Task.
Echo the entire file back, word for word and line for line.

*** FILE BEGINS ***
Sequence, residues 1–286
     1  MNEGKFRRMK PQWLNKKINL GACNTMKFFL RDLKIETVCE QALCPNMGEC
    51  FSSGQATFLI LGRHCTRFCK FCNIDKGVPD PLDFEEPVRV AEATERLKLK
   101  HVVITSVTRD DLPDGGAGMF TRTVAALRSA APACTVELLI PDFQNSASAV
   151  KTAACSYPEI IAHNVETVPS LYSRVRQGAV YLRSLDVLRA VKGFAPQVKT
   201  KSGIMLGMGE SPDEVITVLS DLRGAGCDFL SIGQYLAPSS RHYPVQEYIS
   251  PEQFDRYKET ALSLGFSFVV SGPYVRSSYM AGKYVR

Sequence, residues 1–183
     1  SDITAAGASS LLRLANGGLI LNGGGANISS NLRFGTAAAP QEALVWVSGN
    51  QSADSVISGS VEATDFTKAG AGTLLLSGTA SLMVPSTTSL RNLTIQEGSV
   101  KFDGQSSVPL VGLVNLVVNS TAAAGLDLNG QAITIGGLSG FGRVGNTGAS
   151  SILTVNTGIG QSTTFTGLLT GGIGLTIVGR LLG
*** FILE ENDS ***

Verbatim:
Sequence, residues 1–286
     1  MNEGKFRRMK PQWLNKKINL GACNTMKFFL RDLKIETVCE QALCPNMGEC
    51  FSSGQATFLI LGRHCTRFCK FCNIDKGVPD PLDFEEPVRV AEATERLKLK
   101  HVVITSVTRD DLPDGGAGMF TRTVAALRSA APACTVELLI PDFQNSASAV
   151  KTAACSYPEI IAHNVETVPS LYSRVRQGAV YLRSLDVLRA VKGFAPQVKT
   201  KSGIMLGMGE SPDEVITVLS DLRGAGCDFL SIGQYLAPSS RHYPVQEYIS
   251  PEQFDRYKET ALSLGFSFVV SGPYVRSSYM AGKYVR

Sequence, residues 1–183
     1  SDITAAGASS LLRLANGGLI LNGGGANISS NLRFGTAAAP QEALVWVSGN
    51  QSADSVISGS VEATDFTKAG AGTLLLSGTA SLMVPSTTSL RNLTIQEGSV
   101  KFDGQSSVPL VGLVNLVVNS TAAAGLDLNG QAITIGGLSG FGRVGNTGAS
   151  SILTVNTGIG QSTTFTGLLT GGIGLTIVGR LLG